“(1) Upon the court determining that a defendant owes restitution, the clerk of the court shall enter an order of complete restitution as defined in Section 77-38a-302 on the civil judgment docket and provide notice of the order to the parties.
     (2) The order shall be considered a legal judgment, enforceable under the Utah Rules of Civil Procedure. In addition, the department may, on behalf of the person in whose favor the restitution order is entered, enforce the restitution order as judgment creditor under the Utah Rules of Civil Procedure.
     (3) If the defendant fails to obey a court order for payment of restitution and the victim or department elects to pursue collection of the order by civil process, the victim shall be entitled to recover collection and reasonable attorney fees.
     (4) Notwithstanding Section 78B-2-311, a judgment ordering restitution when entered on the civil judgment docket shall have the same affect and is subject to the same rules as a judgment in a civil action and expires only upon payment in full, which includes applicable interest, collection fees, and attorney fees. Interest shall accrue on the amount ordered from the time of sentencing, including prejudgment interest.  This Subsection (4) applies to all restitution judgments noy paid in full on or before May 12, 2009.
     (5) The department shall make rules permitting the restitution payments to be credited to principal first and the remainder of payments credited to interest in accordance with Title 63G, Chapter 3, Utah Administrative Rulemaking Act.” (Emphasis added.)

 

Criminal Nonsupport Case Responsibility

 

Within the Attorney General=s Office (AGO), the responsibility for prosecution of CNS cases rests with the Criminal Justice Division (CJD) and its CNS unit.  In order that the sanctions available through criminal prosecution are available throughout the state of Utah, a process has been set up in cooperation with the Child and Family Support (CFS), Division of the Attorney General=s Office, whereby selected CFS attorneys assist with criminal nonsupport cases.  In February, 2002, a memorandum of understanding was established between the CJD, the CFS, and the Office of Recovery Services/Child Support Services (ORS/CSS).  CFS has designated an assigned attorney and appropriate staff members to handle criminal nonsupport cases in each region.  Referrals from Child Support Services (CSS) are made directly to the designated attorney in that region.  In addition to the designated attorney and support staff from CFS, the Salt Lake Region has two attorneys and support staff from the CJD who compose the central CNS unit.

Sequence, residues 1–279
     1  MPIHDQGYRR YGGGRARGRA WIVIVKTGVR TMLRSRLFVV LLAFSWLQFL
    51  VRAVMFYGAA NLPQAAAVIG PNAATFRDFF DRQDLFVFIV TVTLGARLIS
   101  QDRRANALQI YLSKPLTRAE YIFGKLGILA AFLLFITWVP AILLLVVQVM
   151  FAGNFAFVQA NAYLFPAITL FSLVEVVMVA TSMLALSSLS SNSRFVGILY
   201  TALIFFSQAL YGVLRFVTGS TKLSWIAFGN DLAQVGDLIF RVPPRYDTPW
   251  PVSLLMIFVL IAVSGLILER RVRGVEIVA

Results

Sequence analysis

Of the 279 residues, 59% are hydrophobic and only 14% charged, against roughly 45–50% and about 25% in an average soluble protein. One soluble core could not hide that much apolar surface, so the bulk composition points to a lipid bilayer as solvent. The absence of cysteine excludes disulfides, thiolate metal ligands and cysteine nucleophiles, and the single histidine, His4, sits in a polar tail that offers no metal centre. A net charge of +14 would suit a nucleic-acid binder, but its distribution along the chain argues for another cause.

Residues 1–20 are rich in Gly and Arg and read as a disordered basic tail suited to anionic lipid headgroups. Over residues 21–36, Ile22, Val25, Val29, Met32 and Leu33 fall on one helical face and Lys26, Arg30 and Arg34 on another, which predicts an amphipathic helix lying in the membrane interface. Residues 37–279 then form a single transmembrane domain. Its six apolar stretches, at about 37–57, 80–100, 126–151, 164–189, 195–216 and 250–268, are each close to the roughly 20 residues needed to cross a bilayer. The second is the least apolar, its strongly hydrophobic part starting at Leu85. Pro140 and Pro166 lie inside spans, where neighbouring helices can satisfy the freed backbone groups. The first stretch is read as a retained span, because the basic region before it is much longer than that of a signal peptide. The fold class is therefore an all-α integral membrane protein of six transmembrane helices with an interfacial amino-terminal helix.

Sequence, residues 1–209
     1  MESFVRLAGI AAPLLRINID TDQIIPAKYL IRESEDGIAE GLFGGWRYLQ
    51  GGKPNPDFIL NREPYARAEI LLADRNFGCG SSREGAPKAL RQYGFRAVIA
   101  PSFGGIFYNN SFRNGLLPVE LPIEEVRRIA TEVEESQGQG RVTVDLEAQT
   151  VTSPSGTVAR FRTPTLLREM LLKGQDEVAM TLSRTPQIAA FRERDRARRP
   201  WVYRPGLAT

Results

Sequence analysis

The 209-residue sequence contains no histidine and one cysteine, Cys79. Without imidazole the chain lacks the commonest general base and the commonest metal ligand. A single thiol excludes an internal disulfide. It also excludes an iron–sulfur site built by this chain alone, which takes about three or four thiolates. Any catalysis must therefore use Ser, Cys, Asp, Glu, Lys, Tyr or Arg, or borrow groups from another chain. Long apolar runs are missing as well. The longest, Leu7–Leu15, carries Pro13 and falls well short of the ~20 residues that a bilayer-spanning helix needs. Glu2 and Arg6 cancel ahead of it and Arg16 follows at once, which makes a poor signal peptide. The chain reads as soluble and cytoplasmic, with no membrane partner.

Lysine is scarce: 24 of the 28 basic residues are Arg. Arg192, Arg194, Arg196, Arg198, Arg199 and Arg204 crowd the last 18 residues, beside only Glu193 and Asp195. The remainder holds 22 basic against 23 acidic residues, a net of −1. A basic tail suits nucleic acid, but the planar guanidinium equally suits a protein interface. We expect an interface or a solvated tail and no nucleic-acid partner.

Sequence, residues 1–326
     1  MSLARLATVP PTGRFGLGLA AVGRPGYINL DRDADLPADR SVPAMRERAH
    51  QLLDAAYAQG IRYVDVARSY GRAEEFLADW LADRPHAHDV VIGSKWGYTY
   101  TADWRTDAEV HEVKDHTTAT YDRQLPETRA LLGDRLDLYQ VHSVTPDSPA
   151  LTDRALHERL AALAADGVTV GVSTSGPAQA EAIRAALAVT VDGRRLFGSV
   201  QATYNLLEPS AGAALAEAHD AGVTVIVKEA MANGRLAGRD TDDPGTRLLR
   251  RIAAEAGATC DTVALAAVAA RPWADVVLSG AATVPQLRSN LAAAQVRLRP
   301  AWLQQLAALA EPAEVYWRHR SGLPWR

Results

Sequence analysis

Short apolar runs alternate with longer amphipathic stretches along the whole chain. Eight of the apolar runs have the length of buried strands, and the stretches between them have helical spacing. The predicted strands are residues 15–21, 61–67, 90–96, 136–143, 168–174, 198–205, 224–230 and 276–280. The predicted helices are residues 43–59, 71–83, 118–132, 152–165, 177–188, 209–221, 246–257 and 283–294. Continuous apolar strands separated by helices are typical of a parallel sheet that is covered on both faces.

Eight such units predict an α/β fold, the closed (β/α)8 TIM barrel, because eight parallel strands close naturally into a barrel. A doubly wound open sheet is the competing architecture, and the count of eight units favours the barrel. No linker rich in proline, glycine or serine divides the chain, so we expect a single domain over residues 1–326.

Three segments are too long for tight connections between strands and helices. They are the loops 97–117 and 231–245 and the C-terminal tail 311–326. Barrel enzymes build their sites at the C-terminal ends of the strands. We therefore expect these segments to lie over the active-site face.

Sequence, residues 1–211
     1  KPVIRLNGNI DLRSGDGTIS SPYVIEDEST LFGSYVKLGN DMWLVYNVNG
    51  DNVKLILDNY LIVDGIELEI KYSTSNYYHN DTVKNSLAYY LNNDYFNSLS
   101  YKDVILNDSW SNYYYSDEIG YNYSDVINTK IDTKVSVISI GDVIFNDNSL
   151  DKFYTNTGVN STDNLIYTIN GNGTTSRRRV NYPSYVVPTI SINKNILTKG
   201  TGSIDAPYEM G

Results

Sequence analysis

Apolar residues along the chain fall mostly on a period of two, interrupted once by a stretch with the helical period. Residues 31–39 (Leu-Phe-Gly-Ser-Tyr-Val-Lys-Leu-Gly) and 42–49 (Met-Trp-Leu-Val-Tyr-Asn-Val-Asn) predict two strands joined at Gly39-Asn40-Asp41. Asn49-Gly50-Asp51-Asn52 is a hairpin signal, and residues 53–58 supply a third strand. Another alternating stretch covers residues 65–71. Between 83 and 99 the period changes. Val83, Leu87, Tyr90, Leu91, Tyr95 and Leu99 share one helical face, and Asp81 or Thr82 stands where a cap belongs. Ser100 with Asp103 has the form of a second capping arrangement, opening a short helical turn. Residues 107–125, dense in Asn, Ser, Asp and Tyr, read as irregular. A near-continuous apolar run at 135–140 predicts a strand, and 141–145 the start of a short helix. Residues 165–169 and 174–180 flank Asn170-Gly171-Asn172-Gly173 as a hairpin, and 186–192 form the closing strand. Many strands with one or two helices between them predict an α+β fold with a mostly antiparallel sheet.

CNS prosecuting attorneys will attempt to get a restitution order for the full amount of arrears and interest owed in each case.  AFull amount@ means the amount of arrears; i.e., principal, owed to both the custodial parent (CP) and the State, with interest owed to the custodial parent at an ORS standardized rate of 3% per annum.   As of March 1, 2002, the interest is not compounded.

 

NOTE:  On cases filed between June 16, 2001 and March 1, 2002, the standardized interest rate is 5.5% per annum.  The interest rate prior to June 16, 2001 is the interest rate referred to in U.C.A. 15-1-4(3).  The CP may pursue any additional interest due pursuant to UCA 15-1-4(3) as a restitution request to the court in the criminal case.

 

Non-CSS Criminal Nonsupport Cases

 

The AGO may receive a request from a private citizen to criminally pursue an NCP for nonsupport.  If CSS does not make the referral, the criminal nonsupport attorney at the AGO will decide whether to pursue the case.  If the AGO agrees to pursue the case, the AGO will work the case with funds from their own budget instead of billing the costs to CSS.  If CSS has a case on the non-custodial parent, the AGO may request information from the case record.  CSS may provide information from the record within the confines of GRAMA and Safeguarding policies and procedures. 

 

Out-of-State Non-custodial Parents

 

Out-of-state NCPs charged with criminal nonsupport may be extradited or surrender themselves voluntarily when faced with the threat of extradition pursuant to UCA §76-3-201(1)(d) and §77-30-24.  Permission to list a defendant on the National Crime Information Center (NCIC) must be obtained from the CNS section director.  When a defendant has been arrested out of state on a CNS warrant listed on NCIC, the prosecutor should notify the CNS section director, and keep in contact with the AGO extradition coordinator as well as the investigator assigned to extraditions.  These individuals will take into account the potential cost of transporting defendants in deciding whether to proceed.  These transportation costs are not recouped from CSS funds.